THE TAILOR AND THE THREE BEASTS





There was once a tailor in Galway, and he started out on a journey to go

to the king's court at Dublin.



He had not gone far when he met a white horse, and he saluted him.



"God save you," said the tailor.



"God save you," said the horse. "Where are you going?"



"I am going to Dublin," said the tailor, "to build a court for the king

and to get a lady for a wife, if I am able to do it." For, it seems the

king had promised his daughter and a great lot of money to anyone who

should be able to build up his court. The trouble was, that three giants

lived in the wood near the court, and every night they came out of the

wood and threw down all that was built by day. So nobody could get the

court built.



"Would you make me a hole," said the old white garraun, "where I could

go in to hide whenever the people come to fetch me to the mill or the

kiln, so that they won't see me; for they tire me out doing work for

them?"



"I'll do that, indeed," said the tailor, "and welcome."



He brought his spade and shovel, and he made a hole, and he asked the

old white horse to go down into it so that he could see if it would fit

him. The white horse went down into the hole, but when he tried to come

up again, he was not able.



"Make a place for me now," said the white horse, "by which I can come up

out of the hole here, whenever I am hungry."



"I will not," said the tailor; "remain where you are until I come back,

and I'll lift you up."



The tailor went forward next day, and the fox met him.



"God save you," said the fox.



"God save you," said the tailor.



"Where are you going?" said the fox.



"I'm going to Dublin, to try to make a court for the king."



"Would you make a place for me where I can hide?" said the fox. "The

rest of the foxes are always beating me, and they will not allow me to

eat anything with them."



"I'll do that for you," said the tailor.



He took his axe and his saw, and he made a thing like a crate, and he

told the fox to get into it so that he could see whether it would fit

him. The fox went into it, and when the tailor had him down, he shut him

in. When the fox was satisfied at last that he had a nice place of it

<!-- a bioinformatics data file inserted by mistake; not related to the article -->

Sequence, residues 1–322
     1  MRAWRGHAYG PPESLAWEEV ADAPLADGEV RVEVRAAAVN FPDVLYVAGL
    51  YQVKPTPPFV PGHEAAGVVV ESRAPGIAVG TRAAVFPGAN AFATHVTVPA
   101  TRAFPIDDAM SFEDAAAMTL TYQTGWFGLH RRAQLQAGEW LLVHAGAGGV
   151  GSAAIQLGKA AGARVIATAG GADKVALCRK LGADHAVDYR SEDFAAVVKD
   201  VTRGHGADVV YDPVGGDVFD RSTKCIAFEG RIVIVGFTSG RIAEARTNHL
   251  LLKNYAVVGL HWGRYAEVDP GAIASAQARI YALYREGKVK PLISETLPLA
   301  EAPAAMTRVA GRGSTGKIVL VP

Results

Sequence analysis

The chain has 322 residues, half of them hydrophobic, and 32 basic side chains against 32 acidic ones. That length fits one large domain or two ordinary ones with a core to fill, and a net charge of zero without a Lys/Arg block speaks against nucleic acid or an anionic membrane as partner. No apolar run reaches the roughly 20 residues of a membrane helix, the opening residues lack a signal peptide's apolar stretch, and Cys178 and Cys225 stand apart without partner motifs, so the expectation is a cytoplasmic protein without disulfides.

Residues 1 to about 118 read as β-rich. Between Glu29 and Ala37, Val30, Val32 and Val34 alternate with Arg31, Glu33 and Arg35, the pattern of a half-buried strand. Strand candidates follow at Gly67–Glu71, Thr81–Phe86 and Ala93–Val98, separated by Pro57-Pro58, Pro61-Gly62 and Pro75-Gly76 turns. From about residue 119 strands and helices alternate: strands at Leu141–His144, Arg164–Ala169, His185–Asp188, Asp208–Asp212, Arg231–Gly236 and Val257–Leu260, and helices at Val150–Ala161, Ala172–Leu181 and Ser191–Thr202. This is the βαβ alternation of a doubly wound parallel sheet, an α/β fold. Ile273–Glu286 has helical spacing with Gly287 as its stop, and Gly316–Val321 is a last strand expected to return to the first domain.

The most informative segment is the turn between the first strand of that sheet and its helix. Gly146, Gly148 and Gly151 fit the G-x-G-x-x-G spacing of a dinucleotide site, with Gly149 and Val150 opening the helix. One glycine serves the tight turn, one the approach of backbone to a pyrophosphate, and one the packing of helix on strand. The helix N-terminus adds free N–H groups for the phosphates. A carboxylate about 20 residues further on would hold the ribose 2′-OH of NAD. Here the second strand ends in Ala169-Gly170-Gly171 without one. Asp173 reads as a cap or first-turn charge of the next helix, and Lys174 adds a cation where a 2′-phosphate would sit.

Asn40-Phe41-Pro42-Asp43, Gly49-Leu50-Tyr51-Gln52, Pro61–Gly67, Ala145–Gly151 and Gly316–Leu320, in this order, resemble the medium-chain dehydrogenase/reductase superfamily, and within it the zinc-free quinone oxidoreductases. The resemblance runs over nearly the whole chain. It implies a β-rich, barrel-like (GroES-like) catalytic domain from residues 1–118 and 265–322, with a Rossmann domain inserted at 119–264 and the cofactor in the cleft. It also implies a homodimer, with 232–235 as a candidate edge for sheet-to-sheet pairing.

within, he asked the tailor to let him out, and the tailor answered that

he would not.



"Wait there until I come back again," said he.



The tailor went forward the next day, and he had not walked very far

when he met a lion; and the lion greeted him.



"God save you," said the lion.



"God save you," said the tailor.



"Where are you going?" said the lion.



"I'm going to Dublin to make a court for the king if I am able to make

it," said the tailor.



"If you were to make a plough for me," said the lion, "I and the other

lions could be ploughing and harrowing until we'd have a bit to eat in

the harvest."



"I'll do that for you," said the tailor.



He brought his axe and his saw, and he made a plough. When the plough

was made he put a hole in the beam of it, and got the lion to go in

under the plough so that he might see if he was any good as a

ploughman. He placed the lion's tail in the hole he had made for it, and

then clapped in a peg, and the lion was not able to draw out his tail

again.



"Loose me now," said the lion, "and we'll fix ourselves and go

ploughing."



The tailor said he would not loose him until he came back himself. He

left him there then, and he came to Dublin.



When he arrived, he engaged workmen and began to build the court. At the

end of the day he had the workmen put a great stone on top of the work.

When the great stone was raised up, the tailor put some sort of

contrivance under it, that he might be able to throw it down as soon as

the giants came near to it. The workpeople then went home, and the

tailor went in hiding behind the big stone.



When the darkness of the night was come, he saw the three giants

arriving, and they began throwing down the court until they arrived at

the place where the tailor was in hiding up above, and one of them

struck a blow with his sledge on the place where he was. The tailor

threw down the stone, and it fell on him and killed him. The other two

went home then and left all of the court that was remaining without

throwing it down, since their companion was dead.



The workmen came again the next day, and they were working until night,

and as they were going home the tailor told them to put up the big

stone on the top of the work, as it had been the night before. They did

that for him, went home, and the tailor went in hiding the same as he

did the evening before.



When the people had all gone to rest, the two giants came, and they were

throwing down all that was before them, but as soon as they began, the